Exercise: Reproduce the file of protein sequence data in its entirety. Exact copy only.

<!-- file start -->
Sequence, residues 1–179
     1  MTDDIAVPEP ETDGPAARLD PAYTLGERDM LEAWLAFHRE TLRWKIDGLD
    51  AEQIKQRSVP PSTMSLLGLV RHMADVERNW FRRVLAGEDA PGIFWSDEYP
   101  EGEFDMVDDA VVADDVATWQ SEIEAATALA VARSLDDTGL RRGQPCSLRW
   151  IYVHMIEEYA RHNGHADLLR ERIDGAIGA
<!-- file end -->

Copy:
Sequence, residues 1–179
     1  MTDDIAVPEP ETDGPAARLD PAYTLGERDM LEAWLAFHRE TLRWKIDGLD
    51  AEQIKQRSVP PSTMSLLGLV RHMADVERNW FRRVLAGEDA PGIFWSDEYP
   101  EGEFDMVDDA VVADDVATWQ SEIEAATALA VARSLDDTGL RRGQPCSLRW
   151  IYVHMIEEYA RHNGHADLLR ERIDGAIGA